Jamie Kennedy is best known for his breakthrough performance as Randy Meeks, the video store clerk well-versed in the conventions of scary movies, in Wes Craven's 1996 self-referential horror film "Scream" and its follow-up "Scream 2" (1997). The Pennsylvania native headed west after high school and began performing stand-up comedy while supporting himself in a variety of odd jobs. Kennedy was spotted at one of the comedy clubs and cast in the little-seen 1995 indie comedy "The Road to Flin Flon". An appearance as a punked-out rival to John Leguizamo in "William Shakespeare's Romeo and Juliet" (1996) and as a street hustler who attacks Greg Kinnear in the Oscar-nominated "As Good As It Gets" (1997) can be counted among his smaller roles.
This offbeat, high-energy actor frequently sports a shock of peroxide blond in his short brown hair and has cultivated a rumpled hipster look complete with colorful eye-catching sh s reportedly culled from the set of "Scream". His laid-back yet edgy persona and dynamic performances have earned him an impressive fan following. Following his success in "Scream", Kennedy took on roles in the 1997 films "Sparkler", as one of a trio of youths headed to Las Vegas, and "Clockwatchers", as the office mailman who develops a crush on a temp worker. He continued to add to his gallery of eccentric characters with a dramatic turn as a heroin addict in "Bongwater" and a novice screenwriter in the comedy "Starf*cker" (both 1998). He added much-needed comedy in the dramas "The Three Kings" (1999) and "The Boiler Room" (2000). After years of obtaining his fair-share of supporting and featured roles, Kennedy was given his own sketched comedy show.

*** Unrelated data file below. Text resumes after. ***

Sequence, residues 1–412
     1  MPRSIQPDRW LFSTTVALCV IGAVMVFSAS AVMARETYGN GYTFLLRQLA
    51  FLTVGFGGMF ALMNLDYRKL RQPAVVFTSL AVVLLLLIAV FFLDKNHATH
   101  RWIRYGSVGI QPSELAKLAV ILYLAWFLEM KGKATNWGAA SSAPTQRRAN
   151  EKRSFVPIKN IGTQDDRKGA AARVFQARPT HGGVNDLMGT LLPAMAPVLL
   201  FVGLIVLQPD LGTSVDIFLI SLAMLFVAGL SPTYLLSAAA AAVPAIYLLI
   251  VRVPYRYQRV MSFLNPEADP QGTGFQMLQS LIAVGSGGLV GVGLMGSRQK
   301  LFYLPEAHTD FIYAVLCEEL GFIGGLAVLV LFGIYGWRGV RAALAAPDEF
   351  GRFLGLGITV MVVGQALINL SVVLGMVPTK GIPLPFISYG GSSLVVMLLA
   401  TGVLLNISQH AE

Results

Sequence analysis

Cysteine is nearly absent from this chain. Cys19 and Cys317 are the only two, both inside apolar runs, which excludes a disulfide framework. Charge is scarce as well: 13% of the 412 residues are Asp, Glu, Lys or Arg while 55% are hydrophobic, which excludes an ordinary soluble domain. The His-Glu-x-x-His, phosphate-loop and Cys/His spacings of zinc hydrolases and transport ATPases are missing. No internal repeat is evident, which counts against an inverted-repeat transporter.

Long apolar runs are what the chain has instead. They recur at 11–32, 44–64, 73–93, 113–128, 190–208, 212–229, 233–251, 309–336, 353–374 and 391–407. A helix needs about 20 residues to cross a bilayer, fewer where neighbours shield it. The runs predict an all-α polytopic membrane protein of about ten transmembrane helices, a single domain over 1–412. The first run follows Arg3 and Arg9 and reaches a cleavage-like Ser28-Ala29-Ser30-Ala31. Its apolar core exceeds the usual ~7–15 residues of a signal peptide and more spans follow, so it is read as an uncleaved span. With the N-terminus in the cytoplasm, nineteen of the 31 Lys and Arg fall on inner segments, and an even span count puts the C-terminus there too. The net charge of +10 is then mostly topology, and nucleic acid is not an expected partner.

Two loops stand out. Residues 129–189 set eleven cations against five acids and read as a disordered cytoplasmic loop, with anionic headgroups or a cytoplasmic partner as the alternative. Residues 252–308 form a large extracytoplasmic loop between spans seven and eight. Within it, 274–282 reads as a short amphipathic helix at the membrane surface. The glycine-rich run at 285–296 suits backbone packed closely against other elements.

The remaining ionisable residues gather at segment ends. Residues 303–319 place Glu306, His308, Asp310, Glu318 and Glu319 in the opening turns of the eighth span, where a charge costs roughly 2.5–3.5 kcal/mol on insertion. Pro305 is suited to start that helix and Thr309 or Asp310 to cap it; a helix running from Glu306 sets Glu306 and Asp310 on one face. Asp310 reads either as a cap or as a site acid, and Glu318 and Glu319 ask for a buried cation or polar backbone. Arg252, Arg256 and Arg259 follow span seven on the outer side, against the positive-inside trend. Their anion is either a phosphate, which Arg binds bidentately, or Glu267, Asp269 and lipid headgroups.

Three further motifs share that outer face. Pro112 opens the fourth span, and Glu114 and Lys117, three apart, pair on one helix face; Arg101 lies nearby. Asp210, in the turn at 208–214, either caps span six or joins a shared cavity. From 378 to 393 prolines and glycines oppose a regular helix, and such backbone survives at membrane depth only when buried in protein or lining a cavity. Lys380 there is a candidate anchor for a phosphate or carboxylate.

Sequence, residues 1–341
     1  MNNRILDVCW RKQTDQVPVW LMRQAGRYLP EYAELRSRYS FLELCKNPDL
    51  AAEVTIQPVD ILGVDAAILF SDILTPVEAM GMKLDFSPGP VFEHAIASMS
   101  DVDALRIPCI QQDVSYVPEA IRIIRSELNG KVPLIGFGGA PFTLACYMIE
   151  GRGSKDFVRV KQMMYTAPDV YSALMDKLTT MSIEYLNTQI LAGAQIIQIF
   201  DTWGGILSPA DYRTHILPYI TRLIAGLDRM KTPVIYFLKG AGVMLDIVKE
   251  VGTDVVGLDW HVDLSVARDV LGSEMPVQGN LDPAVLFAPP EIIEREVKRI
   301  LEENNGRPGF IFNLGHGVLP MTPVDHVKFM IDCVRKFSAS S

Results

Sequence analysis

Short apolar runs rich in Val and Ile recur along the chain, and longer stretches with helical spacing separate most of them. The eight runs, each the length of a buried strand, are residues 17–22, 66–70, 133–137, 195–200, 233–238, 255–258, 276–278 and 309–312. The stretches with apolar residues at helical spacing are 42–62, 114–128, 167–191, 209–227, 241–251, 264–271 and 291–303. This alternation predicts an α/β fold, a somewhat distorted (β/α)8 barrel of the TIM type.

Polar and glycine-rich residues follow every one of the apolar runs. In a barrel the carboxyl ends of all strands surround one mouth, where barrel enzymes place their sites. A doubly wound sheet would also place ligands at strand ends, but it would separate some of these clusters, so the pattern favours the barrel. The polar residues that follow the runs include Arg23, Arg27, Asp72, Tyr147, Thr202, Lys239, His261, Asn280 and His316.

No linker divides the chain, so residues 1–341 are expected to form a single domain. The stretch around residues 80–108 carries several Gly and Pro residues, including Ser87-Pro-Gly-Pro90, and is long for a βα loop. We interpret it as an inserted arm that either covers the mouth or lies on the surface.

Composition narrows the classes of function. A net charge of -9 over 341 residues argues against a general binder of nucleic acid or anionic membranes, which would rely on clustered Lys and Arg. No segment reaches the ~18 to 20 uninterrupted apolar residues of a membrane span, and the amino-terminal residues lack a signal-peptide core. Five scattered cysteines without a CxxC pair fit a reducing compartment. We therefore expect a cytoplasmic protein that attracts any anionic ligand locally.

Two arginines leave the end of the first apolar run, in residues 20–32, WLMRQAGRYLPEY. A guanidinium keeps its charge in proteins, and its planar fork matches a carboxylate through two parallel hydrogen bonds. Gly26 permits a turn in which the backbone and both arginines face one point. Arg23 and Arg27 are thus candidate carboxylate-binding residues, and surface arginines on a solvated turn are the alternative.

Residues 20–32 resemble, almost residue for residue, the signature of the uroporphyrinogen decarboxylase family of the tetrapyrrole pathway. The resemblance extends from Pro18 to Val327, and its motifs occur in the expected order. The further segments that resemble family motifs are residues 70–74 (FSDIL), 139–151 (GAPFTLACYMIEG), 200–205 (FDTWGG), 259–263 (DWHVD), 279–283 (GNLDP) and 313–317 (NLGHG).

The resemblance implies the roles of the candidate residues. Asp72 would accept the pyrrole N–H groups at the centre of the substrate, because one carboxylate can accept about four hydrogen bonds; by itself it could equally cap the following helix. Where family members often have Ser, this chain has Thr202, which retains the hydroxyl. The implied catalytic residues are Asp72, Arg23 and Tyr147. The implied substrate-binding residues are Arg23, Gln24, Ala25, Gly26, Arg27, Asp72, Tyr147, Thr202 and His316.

In 2002, The Jamie Kennedy Experiment (JKX), a television show that can best be described as a combination of Candid Camera and Saturday Night Live, was born. "JKX" quickly became The WB's highest ranking new show. Among the wacky characters (played by Kennedy), one became across the board an all-time favorite-Brad Gluckman the Malibu rapper. The character was such a hit that Kennedy decided to take it, naturally, to the next level. Thus, in 2003, "Malibu's Most Wanted" was released starring Kennedy as the white "wanna-be rapper" from Malibu. Kennedy was set to elevate his profile with "Son of the Mask" (2005), the sequel to the blockbuster Jim Carrey vehicle. In the movie, Kennedy played a cartoonist who finds the Mask of Loki and later has a son that possesses some of its spectacular powers. Loki, however, comes down to earth and engages Kennedy in an epic power struggle.